679, A CURE FOR HARD TIMES. are too fond of showing out in our families; and, in this way, our expenses far exceed our incomes. Our daughters-must be dressed off in their silks and crapes, instead of their ansey-woolsey. Our young folks--are too proud to be seen in a coarse dress, and their extravagance is bringing ruin on our families. When you can induce your sons to prefer young women, for their real worth, rather than for their show; when you can get them to choose a wife, who can make a good loaf of bread, and a good pound of butter, in preference to a girl, who does nothing but dance about in her silks, and her laces; then, gentiemen, you may expect to see a change for the better. We must get back to the good old simplicity of former times, if we expect to see more prosperous days. The time was, even since memory, when a simple note was good for any amount of money, but now bonds and mortgages are thought almost no security; and this owing to the want of confidence.
And what has caused this want of confidence? Why, it is occasioned by the extravagant manner of living; by your families going in debt beyond your ability to pay.
Examine this matter, gentlemen, and you will find this to be the real cause. Teach your sons to be too proud to ride a hackney, which their father cannot pay for. Let them be above being seen sporting, in a gig, or a carriage, which their father is in debt for. Let them' have this sort of independent pride, and I venture to say, that you will soon perceive a reformation. But, until the change commences in this way in our families; until we begin the work ourselves, it is in vain to expect better times.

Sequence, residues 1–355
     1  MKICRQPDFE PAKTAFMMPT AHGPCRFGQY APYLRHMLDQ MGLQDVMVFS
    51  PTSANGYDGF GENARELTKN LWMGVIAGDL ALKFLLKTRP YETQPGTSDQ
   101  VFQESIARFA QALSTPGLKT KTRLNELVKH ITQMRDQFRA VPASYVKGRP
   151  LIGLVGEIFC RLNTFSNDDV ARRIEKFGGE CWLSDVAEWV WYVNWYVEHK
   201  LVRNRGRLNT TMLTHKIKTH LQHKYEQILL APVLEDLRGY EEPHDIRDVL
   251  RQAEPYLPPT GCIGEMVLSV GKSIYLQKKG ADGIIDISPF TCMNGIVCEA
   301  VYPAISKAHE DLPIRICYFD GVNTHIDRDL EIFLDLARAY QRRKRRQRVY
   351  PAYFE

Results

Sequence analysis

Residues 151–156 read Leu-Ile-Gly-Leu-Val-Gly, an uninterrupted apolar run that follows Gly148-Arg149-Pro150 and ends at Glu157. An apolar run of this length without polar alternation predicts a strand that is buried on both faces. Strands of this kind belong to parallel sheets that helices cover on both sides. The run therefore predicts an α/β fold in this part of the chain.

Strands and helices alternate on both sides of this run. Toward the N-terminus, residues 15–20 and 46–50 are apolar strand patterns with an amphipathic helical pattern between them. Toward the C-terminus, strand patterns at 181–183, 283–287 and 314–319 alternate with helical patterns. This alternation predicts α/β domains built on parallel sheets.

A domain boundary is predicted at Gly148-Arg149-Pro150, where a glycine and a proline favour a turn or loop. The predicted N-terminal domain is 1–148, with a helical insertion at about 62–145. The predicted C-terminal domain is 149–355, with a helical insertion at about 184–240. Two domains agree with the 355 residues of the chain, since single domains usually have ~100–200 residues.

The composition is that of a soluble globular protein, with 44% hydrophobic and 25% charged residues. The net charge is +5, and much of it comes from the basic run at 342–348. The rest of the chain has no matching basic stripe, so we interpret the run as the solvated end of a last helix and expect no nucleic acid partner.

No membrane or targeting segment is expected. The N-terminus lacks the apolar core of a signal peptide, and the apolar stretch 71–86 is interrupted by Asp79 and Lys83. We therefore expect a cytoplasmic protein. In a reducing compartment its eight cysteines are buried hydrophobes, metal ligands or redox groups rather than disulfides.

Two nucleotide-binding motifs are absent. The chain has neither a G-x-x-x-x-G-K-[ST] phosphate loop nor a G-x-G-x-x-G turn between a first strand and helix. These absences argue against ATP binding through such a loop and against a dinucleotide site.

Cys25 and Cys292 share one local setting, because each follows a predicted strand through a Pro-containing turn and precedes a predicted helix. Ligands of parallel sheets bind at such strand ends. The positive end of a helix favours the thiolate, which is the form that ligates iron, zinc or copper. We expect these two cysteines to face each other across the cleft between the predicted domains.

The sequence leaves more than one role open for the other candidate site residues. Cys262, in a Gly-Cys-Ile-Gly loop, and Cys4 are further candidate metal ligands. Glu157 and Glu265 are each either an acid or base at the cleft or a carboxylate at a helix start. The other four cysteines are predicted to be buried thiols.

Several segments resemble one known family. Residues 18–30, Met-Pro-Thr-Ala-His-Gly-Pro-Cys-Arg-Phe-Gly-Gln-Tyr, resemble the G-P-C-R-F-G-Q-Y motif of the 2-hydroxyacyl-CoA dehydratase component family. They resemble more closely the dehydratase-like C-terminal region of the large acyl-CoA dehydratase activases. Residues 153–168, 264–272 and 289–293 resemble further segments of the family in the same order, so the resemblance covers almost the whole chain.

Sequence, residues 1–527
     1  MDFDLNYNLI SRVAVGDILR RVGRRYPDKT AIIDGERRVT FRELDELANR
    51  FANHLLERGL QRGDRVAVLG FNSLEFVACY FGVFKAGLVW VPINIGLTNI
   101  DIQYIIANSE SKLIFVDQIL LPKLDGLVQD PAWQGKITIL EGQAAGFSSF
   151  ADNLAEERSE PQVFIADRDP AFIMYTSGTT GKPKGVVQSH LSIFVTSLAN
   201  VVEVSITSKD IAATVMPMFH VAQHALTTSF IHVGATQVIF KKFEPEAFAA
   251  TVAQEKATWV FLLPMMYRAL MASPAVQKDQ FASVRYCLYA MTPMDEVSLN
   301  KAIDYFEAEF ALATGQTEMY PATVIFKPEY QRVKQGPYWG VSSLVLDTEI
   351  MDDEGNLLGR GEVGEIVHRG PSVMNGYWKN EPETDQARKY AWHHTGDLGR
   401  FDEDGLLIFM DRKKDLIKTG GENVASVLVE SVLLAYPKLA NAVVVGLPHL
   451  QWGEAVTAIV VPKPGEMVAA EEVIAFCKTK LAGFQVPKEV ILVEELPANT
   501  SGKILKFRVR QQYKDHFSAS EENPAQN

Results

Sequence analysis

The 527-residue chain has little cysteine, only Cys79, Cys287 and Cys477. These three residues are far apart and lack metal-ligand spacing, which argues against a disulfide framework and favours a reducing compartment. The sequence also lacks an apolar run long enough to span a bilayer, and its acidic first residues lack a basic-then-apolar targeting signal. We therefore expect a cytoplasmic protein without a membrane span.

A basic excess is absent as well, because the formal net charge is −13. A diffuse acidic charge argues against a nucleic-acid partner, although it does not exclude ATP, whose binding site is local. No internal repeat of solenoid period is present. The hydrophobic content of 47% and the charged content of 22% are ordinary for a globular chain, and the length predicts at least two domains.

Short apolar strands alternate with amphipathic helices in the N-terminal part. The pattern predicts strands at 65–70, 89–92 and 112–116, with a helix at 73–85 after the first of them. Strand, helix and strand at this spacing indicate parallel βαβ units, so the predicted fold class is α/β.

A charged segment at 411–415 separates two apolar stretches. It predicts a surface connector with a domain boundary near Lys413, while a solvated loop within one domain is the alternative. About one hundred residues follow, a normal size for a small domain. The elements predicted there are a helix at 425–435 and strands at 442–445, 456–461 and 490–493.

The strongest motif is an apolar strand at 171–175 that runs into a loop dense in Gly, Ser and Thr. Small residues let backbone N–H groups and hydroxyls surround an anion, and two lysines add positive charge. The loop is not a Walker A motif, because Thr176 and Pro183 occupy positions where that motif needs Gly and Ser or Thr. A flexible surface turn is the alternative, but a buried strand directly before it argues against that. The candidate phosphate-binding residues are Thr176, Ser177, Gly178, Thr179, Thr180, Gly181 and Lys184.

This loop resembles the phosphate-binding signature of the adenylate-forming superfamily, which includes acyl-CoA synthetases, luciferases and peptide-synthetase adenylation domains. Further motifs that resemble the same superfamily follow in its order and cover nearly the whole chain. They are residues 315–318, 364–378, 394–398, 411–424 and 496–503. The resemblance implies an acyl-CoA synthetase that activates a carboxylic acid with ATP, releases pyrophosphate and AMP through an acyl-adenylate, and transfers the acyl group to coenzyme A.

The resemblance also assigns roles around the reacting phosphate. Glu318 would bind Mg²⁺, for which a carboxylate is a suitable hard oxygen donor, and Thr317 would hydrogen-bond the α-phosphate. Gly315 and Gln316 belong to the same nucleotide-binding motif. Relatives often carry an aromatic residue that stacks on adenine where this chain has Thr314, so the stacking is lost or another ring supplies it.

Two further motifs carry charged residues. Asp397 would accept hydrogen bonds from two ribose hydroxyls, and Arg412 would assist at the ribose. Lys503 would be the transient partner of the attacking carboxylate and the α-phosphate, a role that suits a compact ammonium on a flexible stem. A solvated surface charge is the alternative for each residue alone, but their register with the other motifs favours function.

Now, gentlemen, if you think as I do on this subject, there is a way of showing that you do think so, and but one way; when you return to your homes, have independence enough to put these principles in practice; and I am sure you will not be disappointed.
680. THE FIRE-SIDE.
In folly's maze advance;
Nor join the giddy dance.
Where love-our hours employs;
To spoil our heart-felt joys.
And they are fools, who roam :
And that dear hut, our home.
That safe retreat, the ark;
Explor'd the sacred bark.
By sweet experience know,
A paradise below.
Whence pleasures ever rise :
And train them for the skies.
And crown our hoary hairs :
And recompense our cares.
Or, by the world forgot;
And bless our humbler lot.
For nature's calls are few :
And make that little do.
Nor aim beyond our pow'r;
Nor lose the present hour.
And pleas'd, with favors givin:
Whose fragrance-smells to heav'n
But, when our feast is o'er,
The relics of our store.
With cautious steps, we'll tread;
And mingle with the dead.
And cheer our dying breath;
And smooth the bed of death.-Cotwa.
crown'd; Ye fields, where summer spreads profasion round Ye lakes, whose vessels catch the busy gale; Ye bending awains, that dress the flowery vale i For me your tributary stores combine: Creation's heir, the world, the world is m'ac.